Open ArmsINFO Hub Proudly supported by Defence Bank
Hands up if you’ve ever felt alone in this Military Life?
Exhausted? Angry? Confused? Unsure?
Maybe you’re over jumping through hoops you didn’t even know you had to jump through while juggling all the balls?!? Or kinda struggling to come to terms with the huge amount of change or uncertainty that Military Life adds.
Have you wanted to scream or cry or run away, and not even a long venting phone call to your bestie or Military Life Catchup helped?
If you answered yes, then it might be time to call in the professionals – Open Arms – Veterans & Families Counselling service. Here in Australia military partners and families have FREE access to Open Arms, and you don’t need to be at crisis point to speak with a counsellor.
So, what is Open Arms?
Founded by Australia’s Vietnam veterans and formerly known as Vietnam Veterans’ Counselling Service (VVCS), Open Arms provides confidential counselling, group programs and peer support to anyone who has served (one day service) in the Australian Army, Navy or Air Force, and to their partners and families (YOU and ME). The service can be accessed 24/7 by calling 1800 011 046 and has counsellors and psychologists in most major city centres along with outreach counsellors (social workers) to help those is rural and remote areas.
What are the requirements to access Open Arms?
As the partner of a serving member, you can use the service for ANY mental health struggles – defence related or not – and you don’t need to be officially recognised by the ADF as a dependent or partner. You can access counselling and psychology services as a couple or on your own, and Open Arms can also support your children in some instances. You can also access the service in the unfortunate event of your relationship ending with the Veteran (for a period of five years) or if you are co-parenting a child under 18 years of age with someone who has served.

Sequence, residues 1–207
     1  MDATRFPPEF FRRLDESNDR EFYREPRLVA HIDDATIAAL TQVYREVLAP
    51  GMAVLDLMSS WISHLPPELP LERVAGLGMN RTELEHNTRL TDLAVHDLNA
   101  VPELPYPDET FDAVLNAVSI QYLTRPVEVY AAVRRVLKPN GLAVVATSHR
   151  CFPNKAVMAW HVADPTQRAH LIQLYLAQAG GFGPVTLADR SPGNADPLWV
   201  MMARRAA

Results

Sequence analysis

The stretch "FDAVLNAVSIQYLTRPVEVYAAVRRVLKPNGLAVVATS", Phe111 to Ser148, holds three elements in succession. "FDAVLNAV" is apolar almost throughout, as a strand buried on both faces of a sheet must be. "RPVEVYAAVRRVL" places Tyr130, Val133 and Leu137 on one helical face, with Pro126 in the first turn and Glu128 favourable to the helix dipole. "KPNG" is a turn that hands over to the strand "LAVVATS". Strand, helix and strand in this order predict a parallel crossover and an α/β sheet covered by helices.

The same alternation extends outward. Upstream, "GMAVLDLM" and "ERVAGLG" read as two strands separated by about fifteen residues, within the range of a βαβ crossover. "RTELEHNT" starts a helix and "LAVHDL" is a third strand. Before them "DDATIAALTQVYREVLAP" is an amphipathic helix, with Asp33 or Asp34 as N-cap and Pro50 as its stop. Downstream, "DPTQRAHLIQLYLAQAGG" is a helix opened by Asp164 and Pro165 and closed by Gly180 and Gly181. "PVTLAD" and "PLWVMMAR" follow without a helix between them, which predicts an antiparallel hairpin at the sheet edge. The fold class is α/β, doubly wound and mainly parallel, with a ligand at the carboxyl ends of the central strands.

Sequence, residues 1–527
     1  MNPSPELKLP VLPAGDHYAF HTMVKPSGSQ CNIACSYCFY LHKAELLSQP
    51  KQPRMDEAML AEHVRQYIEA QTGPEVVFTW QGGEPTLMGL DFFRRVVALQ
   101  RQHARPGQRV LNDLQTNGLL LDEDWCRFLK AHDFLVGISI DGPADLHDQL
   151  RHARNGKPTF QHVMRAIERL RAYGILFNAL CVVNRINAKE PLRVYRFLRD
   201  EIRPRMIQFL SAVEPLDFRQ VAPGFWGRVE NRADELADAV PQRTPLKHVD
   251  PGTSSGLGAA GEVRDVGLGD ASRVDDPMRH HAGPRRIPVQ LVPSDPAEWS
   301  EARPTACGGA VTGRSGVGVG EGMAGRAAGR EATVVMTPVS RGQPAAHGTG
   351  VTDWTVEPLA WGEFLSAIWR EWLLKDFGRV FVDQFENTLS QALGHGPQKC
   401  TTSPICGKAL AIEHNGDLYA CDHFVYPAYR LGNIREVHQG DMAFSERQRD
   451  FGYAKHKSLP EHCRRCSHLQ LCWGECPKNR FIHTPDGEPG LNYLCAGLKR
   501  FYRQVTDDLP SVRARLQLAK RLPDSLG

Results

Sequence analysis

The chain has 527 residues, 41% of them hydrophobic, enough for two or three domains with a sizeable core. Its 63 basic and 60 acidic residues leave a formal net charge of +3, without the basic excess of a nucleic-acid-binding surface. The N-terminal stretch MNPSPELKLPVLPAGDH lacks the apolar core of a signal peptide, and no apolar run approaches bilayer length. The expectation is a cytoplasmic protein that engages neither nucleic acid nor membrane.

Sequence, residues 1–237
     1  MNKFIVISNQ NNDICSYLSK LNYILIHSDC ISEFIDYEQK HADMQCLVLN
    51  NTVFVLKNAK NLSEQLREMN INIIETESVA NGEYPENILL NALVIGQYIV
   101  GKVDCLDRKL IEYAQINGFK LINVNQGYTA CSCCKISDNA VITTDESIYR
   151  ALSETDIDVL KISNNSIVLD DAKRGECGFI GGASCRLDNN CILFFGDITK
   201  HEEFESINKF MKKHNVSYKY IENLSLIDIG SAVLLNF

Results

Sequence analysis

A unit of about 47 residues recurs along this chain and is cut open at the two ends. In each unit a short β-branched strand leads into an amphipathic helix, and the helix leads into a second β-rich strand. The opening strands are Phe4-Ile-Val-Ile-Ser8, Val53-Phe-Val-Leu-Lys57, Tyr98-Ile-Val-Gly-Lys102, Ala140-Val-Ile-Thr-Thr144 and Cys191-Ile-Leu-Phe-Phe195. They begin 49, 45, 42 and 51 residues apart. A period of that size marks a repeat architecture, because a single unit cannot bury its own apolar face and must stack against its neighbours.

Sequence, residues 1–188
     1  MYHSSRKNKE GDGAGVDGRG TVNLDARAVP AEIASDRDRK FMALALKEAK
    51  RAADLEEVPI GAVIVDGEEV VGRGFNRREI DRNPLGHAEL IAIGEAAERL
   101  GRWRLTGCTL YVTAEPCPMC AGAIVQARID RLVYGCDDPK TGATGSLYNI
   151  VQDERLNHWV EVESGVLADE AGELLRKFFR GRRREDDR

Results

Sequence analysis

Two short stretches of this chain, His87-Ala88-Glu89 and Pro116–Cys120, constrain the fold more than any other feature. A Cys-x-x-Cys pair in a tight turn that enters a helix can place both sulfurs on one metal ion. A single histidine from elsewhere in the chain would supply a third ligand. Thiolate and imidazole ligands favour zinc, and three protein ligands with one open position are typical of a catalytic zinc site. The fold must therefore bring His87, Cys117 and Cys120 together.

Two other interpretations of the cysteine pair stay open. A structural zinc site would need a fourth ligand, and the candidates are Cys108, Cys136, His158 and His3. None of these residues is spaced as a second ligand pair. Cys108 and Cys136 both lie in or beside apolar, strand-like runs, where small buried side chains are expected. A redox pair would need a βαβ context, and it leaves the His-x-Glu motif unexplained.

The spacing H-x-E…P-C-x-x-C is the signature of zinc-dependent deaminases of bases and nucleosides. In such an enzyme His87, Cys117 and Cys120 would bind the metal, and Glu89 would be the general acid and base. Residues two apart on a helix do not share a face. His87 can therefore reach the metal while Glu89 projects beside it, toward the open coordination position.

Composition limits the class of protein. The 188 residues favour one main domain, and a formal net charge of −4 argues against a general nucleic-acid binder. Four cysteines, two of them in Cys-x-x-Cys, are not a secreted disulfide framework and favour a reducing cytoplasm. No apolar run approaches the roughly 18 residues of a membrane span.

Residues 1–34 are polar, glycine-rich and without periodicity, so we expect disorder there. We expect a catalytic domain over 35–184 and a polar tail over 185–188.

How do you get in touch?
I know dialling a number and asking for help from a complete stranger can be scary – trust me, I’ve been there. I added it to my to-do list day after day and put it off day after day but I finally made the call just over a year ago and I am soooo glad I did because Open Arms is there to help without judgement and they have made it easy to take that first step.
You can do any one of the below;
• Call 1800 011 046
• Fill out the webform at www.openarms.gov.au
• Visit an Open Arms office or Veterans’ and Families’ Hubs (in various locations but not all around Australia)
• Get a referral from your GP or health professional
You also have the option to ask to speak to a psychologist over a counsellor (social worker), and if you don’t gel with the person you are matched with, you can change to someone else by calling the 1800 number again and asking for another referral.
When should I get in contact?
If you’re not feeling 100% ok or are worried about your mental health, please contact Open Arms right away. But remember you do NOT need to be at the point of breakdown to access this service. You can link in with Open Arms at any point (whether you have been a defence partner for 2 days or 20+ years) to keep on top of your mental health or begin building a relationship with a mental health professional because we all know there is a deployment/posting/separation/training exercise on the horizon just waiting to play havoc with our stress levels….. or even a military surprise we hadn’t even thought could be around the corner.
What was my experience with contacting Open Arms?
When I finally gave myself the pep talk I needed and took the step to call Open Arms, I spoke with an operator who asked for my basic details and my connection to defence. I only needed to supply my partner’s name but hey, if I had just wanted to talk to someone there and then and debrief on the spot, the person on the other end of the line would have been only too happy to have a chat about what I was going through.
Next, I was put through to an intake clinician who asked about my support needs, the outcomes I wanted and my current situation in terms of things like sleep and appetite. They also asked if I was at risk of harm (that was to ensure that I was safe and didn’t need emergency help).
I was then told they would get back to me within a fortnight – as I wasn’t in crisis – with availability in my area. In the meantime, I received an email to confirm that I had been in contact with them and that they would get back to me. It took about two weeks for a psychologist to make contact with me with appointment times.